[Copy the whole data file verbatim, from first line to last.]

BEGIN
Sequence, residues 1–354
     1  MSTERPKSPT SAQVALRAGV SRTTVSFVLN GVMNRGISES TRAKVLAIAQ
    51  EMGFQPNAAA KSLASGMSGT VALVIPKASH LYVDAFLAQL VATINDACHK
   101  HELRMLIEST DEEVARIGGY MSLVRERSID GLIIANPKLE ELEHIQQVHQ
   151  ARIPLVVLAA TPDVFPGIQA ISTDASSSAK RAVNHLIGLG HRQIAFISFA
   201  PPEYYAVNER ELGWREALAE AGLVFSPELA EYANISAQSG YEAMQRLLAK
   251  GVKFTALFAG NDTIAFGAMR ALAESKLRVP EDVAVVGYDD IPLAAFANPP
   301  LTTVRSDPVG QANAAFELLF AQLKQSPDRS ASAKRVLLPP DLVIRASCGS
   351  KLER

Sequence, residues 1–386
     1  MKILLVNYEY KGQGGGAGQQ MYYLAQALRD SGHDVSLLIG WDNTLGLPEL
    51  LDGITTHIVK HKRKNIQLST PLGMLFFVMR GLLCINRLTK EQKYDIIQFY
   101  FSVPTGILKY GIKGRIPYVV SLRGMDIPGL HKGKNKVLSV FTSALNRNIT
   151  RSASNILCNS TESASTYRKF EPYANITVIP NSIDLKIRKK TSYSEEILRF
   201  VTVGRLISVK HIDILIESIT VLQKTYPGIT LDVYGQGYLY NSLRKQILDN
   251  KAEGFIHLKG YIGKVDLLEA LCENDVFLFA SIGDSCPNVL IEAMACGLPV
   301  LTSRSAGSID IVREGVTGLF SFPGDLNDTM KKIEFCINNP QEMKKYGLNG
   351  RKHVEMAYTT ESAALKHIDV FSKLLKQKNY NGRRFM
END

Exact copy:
Sequence, residues 1–354
     1  MSTERPKSPT SAQVALRAGV SRTTVSFVLN GVMNRGISES TRAKVLAIAQ
    51  EMGFQPNAAA KSLASGMSGT VALVIPKASH LYVDAFLAQL VATINDACHK
   101  HELRMLIEST DEEVARIGGY MSLVRERSID GLIIANPKLE ELEHIQQVHQ
   151  ARIPLVVLAA TPDVFPGIQA ISTDASSSAK RAVNHLIGLG HRQIAFISFA
   201  PPEYYAVNER ELGWREALAE AGLVFSPELA EYANISAQSG YEAMQRLLAK
   251  GVKFTALFAG NDTIAFGAMR ALAESKLRVP EDVAVVGYDD IPLAAFANPP
   301  LTTVRSDPVG QANAAFELLF AQLKQSPDRS ASAKRVLLPP DLVIRASCGS
   351  KLER

Sequence, residues 1–386
     1  MKILLVNYEY KGQGGGAGQQ MYYLAQALRD SGHDVSLLIG WDNTLGLPEL
    51  LDGITTHIVK HKRKNIQLST PLGMLFFVMR GLLCINRLTK EQKYDIIQFY
   101  FSVPTGILKY GIKGRIPYVV SLRGMDIPGL HKGKNKVLSV FTSALNRNIT
   151  RSASNILCNS TESASTYRKF EPYANITVIP NSIDLKIRKK TSYSEEILRF
   201  VTVGRLISVK HIDILIESIT VLQKTYPGIT LDVYGQGYLY NSLRKQILDN
   251  KAEGFIHLKG YIGKVDLLEA LCENDVFLFA SIGDSCPNVL IEAMACGLPV
   301  LTSRSAGSID IVREGVTGLF SFPGDLNDTM KKIEFCINNP QEMKKYGLNG
   351  RKHVEMAYTT ESAALKHIDV FSKLLKQKNY NGRRFM